The processing perspective takes this input image, passes it through the sequence of steps shown in the Processing view and displays the result in the Output view plot.

Currently the Processing list is empty so no data is plotted in the output.

Building a Processing Chain

In the the Processing view, click on the yellow star in the table. A drop-down will open showing all the processing steps available for images.

Selecting a processing step will show a description of what the step does.

The drop down is filterable. If you click on the start and type "Gau" all the processing steps except the Gaussian Filter will be removed from the list.

Add the Gaussian Filter step to the processing list. The processing perspective should now look like this:

The Gaussian filtered data is shown in the Output view plot.

When the Gaussian Filter step is selected the Model view shows that parameters of the processing step that can be altered. For a Gaussian Filter they only parameter is the kernel width. Change the kernel width to 10. The output data will not be updated until you click back onto the Gaussian Filter step (a processing step may take a long time to run, clicking back item in the processing view signifies that all updates to the model are complete and the process should be re-run).

The play/fast-forward buttons can be used to change the input image, which pushes a new frame through the processing chain, changing the output image.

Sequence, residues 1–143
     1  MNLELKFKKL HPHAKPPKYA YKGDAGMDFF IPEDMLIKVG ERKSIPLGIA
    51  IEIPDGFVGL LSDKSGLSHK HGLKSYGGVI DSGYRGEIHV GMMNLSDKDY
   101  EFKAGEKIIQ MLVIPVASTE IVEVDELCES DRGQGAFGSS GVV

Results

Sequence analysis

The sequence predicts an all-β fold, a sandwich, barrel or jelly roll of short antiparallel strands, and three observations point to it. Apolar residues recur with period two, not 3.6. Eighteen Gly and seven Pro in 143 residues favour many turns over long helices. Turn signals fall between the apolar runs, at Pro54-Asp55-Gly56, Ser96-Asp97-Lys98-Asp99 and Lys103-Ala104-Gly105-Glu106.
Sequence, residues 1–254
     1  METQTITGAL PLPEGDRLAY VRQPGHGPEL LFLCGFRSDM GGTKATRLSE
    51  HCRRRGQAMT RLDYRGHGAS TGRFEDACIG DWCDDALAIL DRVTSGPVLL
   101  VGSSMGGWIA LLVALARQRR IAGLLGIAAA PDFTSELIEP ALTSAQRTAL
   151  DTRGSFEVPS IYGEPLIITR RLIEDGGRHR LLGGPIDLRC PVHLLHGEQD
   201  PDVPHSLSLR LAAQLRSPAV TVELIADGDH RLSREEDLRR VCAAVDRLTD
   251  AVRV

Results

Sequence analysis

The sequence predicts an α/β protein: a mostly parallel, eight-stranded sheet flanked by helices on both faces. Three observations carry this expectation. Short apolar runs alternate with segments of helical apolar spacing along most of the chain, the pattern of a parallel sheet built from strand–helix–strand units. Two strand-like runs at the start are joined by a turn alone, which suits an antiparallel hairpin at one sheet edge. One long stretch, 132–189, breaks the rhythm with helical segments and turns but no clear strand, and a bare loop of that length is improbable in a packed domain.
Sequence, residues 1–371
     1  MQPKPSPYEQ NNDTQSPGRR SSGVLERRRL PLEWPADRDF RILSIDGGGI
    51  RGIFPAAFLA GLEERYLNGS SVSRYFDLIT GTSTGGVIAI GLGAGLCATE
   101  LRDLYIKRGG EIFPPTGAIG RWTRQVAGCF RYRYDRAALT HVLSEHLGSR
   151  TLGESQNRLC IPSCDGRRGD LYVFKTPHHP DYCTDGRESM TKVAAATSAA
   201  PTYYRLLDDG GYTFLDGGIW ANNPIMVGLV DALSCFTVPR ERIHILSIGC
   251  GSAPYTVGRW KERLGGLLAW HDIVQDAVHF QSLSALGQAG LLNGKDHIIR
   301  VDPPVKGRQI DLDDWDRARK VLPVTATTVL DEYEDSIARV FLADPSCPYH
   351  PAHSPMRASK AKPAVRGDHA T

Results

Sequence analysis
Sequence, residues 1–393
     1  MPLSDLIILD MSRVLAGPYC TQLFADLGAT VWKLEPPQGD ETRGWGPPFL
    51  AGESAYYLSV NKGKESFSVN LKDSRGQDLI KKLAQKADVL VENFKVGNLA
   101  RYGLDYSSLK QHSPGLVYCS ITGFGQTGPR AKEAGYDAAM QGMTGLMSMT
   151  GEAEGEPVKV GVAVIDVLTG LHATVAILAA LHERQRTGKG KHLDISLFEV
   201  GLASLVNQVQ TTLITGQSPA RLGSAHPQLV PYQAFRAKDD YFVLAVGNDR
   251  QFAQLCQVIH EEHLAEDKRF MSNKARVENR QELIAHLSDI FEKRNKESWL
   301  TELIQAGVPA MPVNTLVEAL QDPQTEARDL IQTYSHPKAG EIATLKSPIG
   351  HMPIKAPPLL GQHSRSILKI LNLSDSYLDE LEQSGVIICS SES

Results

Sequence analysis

Further steps can be added to this processing chain by repeating the above sequence.

Processing All the Data

Although the processing sequence is currently very simple, it is a complete sequence that can be applied to all the images in the stack (all 1608 different wavelengths).  To do this, press the green play button at the top of the Data Slice View.

Pressing this button causes a dialog to appear to allow you to set the directory where the processed data will be written.

This dialog also gives the option to automatically load the processed data in the DataVis perspective when processing is complete - tick this option.

For NeXus files, three additional options are included on what data is written into the output file:

  • Processed data only
  • Link original data (a link to the NXentry in the original file is added to the processed file. If the processed file is moved relative to the original data this link may get broken)
  • Process data into a copy of the original (the original file is copied and the processed data is added here - may make the files very large. Copying only copies the nxs file, it will not follow links to other linked hdf5 files).

For this case leave Processed data only selected, and when you are happy with the output folder press OK to process the data.

A progress dialog will appear and show which slice of the data is being processed, and which step is being run.

Pressing the Cancel button will stop the processing, but any data that has been processed will still be available in the file.

Switching to DataVis will allow you to view the processed data file, but for now stay in the processing perspective.